More On Apocalyptic Mysticism: "Revelation" by Flannery O'Connor

Last week I shared my concern that Christian mysticism, which I think is vital for a vibrant spiritual walk with God, is tempted into becoming diffuse, sentimental, spiritual uplift.

To be clear, we need spiritual uplift. We need awe, wonder and joy. We need to be astonished by beauty.

And yet, there is a hard, cruciform edge to following Jesus. Let me again quote Dorothy Day: We only love God as much as the person we love the least. So what I'm wondering about is the shape of a mystical experience that leads us into that sort of love.

In my post last week I called this an apocalyptic mysticism, an experience with God that traffics less in spiritual uplift than assaulting the hardness of our heart. If such experiences happen, what would they look like?

My inspiration here is the mystical experience that assaults Mrs. Turpin in Flannery O'Connor's short story "Revelation."

You need to read the story to get the full effect, but the gist of it is this. Mrs. Turpin is a smug, prideful woman who looks down her nose at the "trash" of the world. As Mrs. Turpin is sitting in a doctor's office, being thankful for the fact that she's a good, decent, honest person, not at all like the lowlifes sitting in chairs around her, she is eyed with increasing hostility by a teenage girl named Mary Grace. Mrs. Turpin feels uncomfortable under the gaze of Mary Grace, but she becomes convinced that the girl has a message for her, a revelation from God.

Mrs. Turpin gets her message when Mary Grace throws and hits her in the head with a book. It's a totally unprovoked act of violence, but Mrs. Turpin is convinced it's because Mary Grace has seen something in her soul that only God could see. As the nurse and doctor hold and try to sedate the struggling girl, Mrs. Turpin leans in to hear the word of God Mary Grace has for her, the revelation. Mary Grace looks straight at Mrs. Turpin and spits, "Go back to hell where you came from, you old wart hog."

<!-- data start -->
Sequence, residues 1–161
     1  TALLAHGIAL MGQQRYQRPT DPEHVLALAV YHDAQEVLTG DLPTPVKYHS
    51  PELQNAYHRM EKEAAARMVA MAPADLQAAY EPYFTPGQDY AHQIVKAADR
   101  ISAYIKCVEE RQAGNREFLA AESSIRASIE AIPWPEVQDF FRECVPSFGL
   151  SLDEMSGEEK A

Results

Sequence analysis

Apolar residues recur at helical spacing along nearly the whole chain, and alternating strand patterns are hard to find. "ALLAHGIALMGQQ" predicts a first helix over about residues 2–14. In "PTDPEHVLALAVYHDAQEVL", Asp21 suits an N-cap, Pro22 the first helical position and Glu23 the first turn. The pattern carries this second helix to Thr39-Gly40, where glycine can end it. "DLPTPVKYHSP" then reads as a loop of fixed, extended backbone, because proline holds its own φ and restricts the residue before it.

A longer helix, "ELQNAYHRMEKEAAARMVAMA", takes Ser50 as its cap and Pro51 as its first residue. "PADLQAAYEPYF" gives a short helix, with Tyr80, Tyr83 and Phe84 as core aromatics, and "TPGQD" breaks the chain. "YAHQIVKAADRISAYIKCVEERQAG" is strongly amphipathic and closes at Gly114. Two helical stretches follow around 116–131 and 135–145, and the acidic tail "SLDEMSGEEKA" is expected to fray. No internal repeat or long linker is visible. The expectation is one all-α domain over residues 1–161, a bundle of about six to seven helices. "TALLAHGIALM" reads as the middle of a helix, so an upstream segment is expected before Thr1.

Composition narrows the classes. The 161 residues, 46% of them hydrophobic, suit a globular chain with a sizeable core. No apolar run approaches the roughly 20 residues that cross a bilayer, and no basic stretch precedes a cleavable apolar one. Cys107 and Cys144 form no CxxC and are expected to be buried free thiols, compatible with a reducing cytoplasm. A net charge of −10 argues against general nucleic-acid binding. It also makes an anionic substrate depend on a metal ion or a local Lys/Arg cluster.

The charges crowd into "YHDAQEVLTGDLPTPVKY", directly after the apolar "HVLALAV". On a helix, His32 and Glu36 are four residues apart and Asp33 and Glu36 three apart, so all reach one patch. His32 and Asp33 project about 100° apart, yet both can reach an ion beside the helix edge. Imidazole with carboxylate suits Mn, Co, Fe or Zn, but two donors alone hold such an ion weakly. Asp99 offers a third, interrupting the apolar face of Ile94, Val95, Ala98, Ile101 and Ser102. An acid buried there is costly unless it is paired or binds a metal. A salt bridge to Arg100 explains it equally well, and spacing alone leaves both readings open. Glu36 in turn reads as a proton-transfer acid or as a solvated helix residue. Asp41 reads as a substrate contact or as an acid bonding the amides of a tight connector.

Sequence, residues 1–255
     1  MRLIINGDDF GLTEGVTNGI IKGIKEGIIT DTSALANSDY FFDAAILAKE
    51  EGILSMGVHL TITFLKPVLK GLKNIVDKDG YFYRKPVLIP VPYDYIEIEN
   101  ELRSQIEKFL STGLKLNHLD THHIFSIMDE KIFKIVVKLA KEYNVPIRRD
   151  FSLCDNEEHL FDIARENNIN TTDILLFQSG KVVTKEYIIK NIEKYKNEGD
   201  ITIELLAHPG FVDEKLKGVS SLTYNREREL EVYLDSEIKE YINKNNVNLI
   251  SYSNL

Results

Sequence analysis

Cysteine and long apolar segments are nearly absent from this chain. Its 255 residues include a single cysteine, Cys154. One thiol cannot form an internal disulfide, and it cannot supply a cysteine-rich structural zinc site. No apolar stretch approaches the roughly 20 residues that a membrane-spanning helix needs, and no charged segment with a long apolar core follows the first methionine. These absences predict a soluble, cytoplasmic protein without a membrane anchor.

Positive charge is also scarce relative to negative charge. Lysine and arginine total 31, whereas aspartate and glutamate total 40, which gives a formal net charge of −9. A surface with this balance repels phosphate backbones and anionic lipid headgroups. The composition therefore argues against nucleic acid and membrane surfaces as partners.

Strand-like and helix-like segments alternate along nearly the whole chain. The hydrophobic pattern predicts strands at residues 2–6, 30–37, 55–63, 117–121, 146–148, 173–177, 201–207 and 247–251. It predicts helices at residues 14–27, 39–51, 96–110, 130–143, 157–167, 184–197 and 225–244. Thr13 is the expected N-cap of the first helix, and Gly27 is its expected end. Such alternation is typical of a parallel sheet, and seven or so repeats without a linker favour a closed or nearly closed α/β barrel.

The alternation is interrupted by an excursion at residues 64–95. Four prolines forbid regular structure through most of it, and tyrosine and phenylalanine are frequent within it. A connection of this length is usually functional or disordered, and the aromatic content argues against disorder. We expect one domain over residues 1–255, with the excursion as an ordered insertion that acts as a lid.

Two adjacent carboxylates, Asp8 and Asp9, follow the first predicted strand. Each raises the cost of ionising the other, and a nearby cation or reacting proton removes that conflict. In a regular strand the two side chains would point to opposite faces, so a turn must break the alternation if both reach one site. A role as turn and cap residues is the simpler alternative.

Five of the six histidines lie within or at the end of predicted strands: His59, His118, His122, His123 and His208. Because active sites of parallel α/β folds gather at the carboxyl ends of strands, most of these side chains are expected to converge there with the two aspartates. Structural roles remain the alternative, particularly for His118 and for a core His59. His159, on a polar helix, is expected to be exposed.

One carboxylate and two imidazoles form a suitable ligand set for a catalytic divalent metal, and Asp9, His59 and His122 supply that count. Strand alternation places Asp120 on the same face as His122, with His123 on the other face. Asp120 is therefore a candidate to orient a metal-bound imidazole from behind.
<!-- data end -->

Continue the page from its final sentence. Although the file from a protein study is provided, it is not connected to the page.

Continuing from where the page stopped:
Now that's an apocalyptic moment! That's a revelation!

Stunned, Mrs. Turpin returns to her farm with her husband. Later on, Mrs. Turpin is hosing down the pigs while the sun begins to set. She takes up an argument with God. Why did God want her to see herself as an old wart hog? Wasn't she, after all, one of the decent, hardworking folks? If so, then why did God send that message to her? She didn't deserve it! Mrs. Turpin rants and screams at God.

But as the sun sets, Mrs. Turpin looks up and has a mystical vision. She sees a great highway leading up to heaven. And at the front of the line, the souls getting into heaven first, are all the trashy people. And far to the back, the people at the end of the line, getting in last, are Mrs. Turpin's people--the good, hardworking, decent folk, stunned and shocked to find themselves bringing up the rear.

Mrs. Turpin's vision comes right out of the gospels. As Jesus said to the Mrs. Turpins of his own day: "Truly I tell you, the tax collectors and the prostitutes are entering the kingdom of God ahead of you!" (Matthew 21.31).

The vision at the end of "Revelation" is what I'm aiming at when I describe an "apocalyptic mysticism." This is a mystical encounter with the upside-down kingdom of God. This is a mystical encounter that's less about inspiring uplift than about getting hit upside the head to find out you're a wart hog from hell.

"Revelation" is, of course, fiction. And it's Flannery O'Connor, so it's extreme, violent fiction. So I'm not suggesting that the experiences I'm talking about will go down as it goes down for Mrs. Turpin. I use the story "Revelation" simply to gesture, perhaps wildly, at what I mean by an apocalyptic mysticism.

Apocalyptic mysticism is an experience that interrupts us with a vision of ourselves and the kingdom of God in ways we'd rather ignore or avoid. What I'm chasing is a mystical encounter that prompts conversion, repentance, and cruciform love.

This entry was posted by Richard Beck. Bookmark the permalink.

Leave a Reply